Saturday, January 21, 2017

Incorporated Review: 1x05: "Profit and Loss"

Friday, January 20, 2017

Book Review: Bad Feminist by Roxane Gay

ISBN: 0062282719
Published: August 5th, 2014
Publisher: Harper Perennial
Received: purchased
Read from December 20th to 31st, 2016
Synopsis from Goodreads:
Pink is my favorite color. I used to say my favorite color was black to be cool, but it is pink—all shades of pink. If I have an accessory, it is probably pink. I read Vogue, and I’m not doing it ironically, though it might seem that way. I once live-tweeted the September issue.
In these funny and insightful essays, Roxane Gay takes us through the journey of her evolution as a woman of color while also taking readers on a ride through culture of the last few years and commenting on the state of feminism today. The portrait that emerges is not only one of an incredibly insightful woman continually growing to understand herself and our society, but also one of our culture.
Bad Feminist is a sharp, funny, and spot-on look at the ways in which the culture we consume becomes who we are, and an inspiring call-to-arms of all the ways we still need to do better.


Bad Feminist is one of the best books I had read in a while, and I knew going into it that it would be. Early last year I attended a reading that Roxane Gay did at Butler. There she read some of the essays from this collection, and I loved each of them that she chose to read with us then.

While there are some smaller points that Gay makes in the book that I would disagree with, she still manages to argue those points well. It feels strange to refer to a book such as this as "well-rounded", but that's the best term I can think of to describe how many different types of emotions Gay manages to hit. Parts of the book had me laughing out loud and others had me crying. I loved all of those parts equally.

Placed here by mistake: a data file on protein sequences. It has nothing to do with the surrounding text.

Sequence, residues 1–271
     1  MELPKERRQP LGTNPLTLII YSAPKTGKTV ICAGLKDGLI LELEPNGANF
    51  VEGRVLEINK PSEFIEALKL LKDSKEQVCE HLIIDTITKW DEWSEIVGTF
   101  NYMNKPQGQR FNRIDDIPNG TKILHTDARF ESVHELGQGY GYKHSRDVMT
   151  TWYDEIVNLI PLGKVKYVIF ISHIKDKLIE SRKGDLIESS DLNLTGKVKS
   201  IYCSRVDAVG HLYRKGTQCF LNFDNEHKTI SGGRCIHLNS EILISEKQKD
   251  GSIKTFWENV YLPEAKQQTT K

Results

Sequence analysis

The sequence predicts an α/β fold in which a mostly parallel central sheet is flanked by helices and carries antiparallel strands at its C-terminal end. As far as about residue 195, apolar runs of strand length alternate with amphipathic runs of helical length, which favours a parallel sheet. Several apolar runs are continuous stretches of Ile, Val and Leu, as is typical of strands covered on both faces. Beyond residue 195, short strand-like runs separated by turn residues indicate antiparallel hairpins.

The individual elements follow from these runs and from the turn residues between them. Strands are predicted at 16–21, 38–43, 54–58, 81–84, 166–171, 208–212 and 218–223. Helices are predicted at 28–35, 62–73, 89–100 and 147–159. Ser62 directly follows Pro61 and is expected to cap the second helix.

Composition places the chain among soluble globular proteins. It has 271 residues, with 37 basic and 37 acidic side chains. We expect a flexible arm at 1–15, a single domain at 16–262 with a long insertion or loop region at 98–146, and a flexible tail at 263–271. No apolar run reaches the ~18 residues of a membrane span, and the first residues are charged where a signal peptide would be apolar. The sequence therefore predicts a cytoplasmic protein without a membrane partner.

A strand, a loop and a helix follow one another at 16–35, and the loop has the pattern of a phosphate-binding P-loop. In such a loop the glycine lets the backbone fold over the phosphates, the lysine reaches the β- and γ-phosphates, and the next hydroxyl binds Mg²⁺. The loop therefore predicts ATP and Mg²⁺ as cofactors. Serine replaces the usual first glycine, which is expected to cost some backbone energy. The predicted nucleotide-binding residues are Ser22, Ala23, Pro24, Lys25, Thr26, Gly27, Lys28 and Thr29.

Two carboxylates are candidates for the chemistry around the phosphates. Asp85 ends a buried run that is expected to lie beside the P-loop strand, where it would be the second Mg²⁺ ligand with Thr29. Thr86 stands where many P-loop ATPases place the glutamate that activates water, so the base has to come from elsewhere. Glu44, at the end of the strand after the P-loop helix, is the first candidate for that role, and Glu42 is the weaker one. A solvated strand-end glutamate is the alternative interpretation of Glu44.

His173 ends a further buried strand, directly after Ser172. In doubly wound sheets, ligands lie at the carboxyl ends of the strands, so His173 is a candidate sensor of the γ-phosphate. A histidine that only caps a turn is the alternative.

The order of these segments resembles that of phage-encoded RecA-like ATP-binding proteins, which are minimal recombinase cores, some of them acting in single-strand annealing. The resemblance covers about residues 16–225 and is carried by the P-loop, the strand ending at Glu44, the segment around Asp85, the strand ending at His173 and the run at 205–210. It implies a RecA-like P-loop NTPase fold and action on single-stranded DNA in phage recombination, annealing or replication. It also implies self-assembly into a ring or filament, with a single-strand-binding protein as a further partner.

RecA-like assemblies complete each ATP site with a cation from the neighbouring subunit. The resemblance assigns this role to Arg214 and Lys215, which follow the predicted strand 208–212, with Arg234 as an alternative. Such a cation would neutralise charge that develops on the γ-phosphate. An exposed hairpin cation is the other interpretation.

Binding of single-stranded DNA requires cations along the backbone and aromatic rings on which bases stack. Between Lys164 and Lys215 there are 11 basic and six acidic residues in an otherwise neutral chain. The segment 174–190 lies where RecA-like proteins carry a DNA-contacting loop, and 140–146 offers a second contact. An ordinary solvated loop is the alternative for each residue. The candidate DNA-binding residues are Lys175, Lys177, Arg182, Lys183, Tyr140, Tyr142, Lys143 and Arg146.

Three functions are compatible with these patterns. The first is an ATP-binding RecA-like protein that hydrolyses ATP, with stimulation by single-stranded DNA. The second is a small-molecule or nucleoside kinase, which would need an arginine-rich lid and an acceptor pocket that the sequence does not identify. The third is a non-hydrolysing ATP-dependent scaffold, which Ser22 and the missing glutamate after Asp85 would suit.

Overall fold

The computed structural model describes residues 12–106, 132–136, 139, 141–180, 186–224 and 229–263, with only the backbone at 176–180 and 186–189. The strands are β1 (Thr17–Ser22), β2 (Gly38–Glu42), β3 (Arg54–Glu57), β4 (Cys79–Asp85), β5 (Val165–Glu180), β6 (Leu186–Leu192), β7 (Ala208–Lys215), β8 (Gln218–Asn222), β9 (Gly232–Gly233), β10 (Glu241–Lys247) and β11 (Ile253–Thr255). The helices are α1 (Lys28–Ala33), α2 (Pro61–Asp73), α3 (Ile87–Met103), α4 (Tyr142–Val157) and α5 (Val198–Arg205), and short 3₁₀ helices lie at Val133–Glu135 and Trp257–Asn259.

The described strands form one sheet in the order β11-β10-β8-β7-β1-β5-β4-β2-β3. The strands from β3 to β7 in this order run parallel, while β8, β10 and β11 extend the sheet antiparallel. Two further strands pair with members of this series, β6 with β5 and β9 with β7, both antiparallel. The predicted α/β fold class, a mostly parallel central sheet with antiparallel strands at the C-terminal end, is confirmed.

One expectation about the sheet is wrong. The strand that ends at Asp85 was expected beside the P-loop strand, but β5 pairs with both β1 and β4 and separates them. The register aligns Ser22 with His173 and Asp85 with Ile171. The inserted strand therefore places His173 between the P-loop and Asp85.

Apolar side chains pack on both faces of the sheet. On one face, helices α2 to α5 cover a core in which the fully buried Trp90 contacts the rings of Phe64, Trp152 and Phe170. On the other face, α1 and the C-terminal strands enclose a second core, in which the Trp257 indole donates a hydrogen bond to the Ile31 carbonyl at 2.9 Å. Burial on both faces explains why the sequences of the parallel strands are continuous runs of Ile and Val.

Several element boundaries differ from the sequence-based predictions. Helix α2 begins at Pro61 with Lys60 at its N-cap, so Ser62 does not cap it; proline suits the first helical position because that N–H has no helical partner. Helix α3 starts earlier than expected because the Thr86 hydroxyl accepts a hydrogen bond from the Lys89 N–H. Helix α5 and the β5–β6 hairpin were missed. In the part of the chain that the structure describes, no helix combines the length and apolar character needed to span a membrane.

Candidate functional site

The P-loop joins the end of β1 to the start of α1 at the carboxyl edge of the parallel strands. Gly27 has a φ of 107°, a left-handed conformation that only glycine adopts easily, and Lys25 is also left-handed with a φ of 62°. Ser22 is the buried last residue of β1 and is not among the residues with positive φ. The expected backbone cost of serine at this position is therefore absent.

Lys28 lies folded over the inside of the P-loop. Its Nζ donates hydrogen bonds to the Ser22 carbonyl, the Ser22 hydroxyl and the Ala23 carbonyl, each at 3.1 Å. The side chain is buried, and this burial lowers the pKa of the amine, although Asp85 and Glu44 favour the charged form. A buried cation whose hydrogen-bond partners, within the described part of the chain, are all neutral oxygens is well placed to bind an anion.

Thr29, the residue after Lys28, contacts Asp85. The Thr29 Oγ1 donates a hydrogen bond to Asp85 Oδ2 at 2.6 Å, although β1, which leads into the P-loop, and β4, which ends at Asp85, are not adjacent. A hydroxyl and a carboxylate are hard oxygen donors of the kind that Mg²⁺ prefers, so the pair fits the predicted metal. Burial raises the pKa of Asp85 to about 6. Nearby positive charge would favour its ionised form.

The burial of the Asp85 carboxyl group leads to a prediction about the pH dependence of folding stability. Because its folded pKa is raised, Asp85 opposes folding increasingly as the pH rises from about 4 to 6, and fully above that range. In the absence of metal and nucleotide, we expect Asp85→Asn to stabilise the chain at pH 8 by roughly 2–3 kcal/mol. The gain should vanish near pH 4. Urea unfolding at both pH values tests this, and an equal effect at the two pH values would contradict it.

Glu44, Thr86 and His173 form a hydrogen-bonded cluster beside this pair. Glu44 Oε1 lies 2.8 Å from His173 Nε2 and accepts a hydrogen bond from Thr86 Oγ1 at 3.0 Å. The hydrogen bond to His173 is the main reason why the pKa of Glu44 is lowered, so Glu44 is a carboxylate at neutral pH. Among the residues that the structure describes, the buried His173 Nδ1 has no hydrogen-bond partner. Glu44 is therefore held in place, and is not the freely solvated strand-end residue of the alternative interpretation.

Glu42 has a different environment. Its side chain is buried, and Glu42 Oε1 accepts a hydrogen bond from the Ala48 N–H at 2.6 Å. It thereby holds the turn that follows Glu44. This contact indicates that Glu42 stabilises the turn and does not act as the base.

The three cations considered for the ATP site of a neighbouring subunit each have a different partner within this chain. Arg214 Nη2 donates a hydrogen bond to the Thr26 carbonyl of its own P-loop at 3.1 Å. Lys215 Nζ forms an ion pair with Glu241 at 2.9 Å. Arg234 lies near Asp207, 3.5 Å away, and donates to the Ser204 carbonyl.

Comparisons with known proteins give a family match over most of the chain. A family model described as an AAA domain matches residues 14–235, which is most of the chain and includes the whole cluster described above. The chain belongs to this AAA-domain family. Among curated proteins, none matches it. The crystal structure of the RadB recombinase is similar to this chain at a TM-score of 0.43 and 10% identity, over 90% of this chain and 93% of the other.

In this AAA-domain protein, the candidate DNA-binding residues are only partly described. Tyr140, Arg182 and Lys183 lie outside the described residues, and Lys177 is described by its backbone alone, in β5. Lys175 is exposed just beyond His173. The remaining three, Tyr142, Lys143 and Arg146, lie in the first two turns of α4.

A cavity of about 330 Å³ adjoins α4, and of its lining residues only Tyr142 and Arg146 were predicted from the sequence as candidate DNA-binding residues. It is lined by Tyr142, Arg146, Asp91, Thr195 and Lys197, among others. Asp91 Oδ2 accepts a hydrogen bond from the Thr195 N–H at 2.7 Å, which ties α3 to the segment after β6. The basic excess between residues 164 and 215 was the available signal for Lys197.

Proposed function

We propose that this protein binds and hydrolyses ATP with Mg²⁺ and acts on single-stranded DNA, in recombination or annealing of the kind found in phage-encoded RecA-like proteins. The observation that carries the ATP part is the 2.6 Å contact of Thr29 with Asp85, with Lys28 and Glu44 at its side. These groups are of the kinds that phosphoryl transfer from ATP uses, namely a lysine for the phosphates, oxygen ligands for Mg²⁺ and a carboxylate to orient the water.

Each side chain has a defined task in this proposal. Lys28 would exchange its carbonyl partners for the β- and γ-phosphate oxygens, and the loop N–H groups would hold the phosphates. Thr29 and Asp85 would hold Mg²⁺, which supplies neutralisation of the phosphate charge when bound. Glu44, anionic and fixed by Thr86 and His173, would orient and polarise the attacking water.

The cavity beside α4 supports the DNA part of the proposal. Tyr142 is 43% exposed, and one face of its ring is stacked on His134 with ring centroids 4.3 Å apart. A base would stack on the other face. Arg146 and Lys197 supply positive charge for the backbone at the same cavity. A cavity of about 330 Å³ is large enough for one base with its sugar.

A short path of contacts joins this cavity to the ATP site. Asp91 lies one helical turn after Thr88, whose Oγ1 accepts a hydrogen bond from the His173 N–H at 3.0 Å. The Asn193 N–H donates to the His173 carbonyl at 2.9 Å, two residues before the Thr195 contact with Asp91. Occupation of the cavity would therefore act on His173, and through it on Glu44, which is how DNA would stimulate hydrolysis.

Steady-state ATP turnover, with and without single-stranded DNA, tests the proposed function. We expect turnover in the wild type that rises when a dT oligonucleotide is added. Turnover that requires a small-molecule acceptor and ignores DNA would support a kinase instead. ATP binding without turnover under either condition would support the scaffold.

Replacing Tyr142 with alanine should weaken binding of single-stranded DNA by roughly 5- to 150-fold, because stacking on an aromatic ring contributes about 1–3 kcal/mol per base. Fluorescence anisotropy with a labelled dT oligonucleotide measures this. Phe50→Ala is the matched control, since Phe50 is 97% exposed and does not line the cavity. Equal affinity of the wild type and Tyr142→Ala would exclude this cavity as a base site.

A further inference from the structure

I highly recommend Bad Feminist. It covers a lot of ground, and I love the central message that there's no way you're going to pull off being a 'perfect feminist' and that feminism itself can't be perfect, but that doesn't mean we dismiss feminism entirely because it's central message is important and worth fighting for.

December 2016 Wrap-Up and January 2017 TBR

Monday, January 16, 2017

Life Post: First of 2017

We're more than two weeks into January, and I haven't written a life post this year. There are several different reasons for that, and this one is probably going to be short.

It doesn't feel like we're two weeks into 2017. My allergies have been extremely bad recently. Enough that I've gotten nauseous twice over the past several weeks and, well... Plus I've been getting headaches almost every single day. No medicine I take actually seems to help, so the past couple of weeks haven't been the greatest based on that alone. But then you add in what the news has been like and various other things that have happened and 2017 hasn't really gotten off to the best start.

That's mostly why I haven't written one of these posts. This one's already all negativity and no positivity, and I didn't want that. I also didn't want to just keep on going on forever without a post.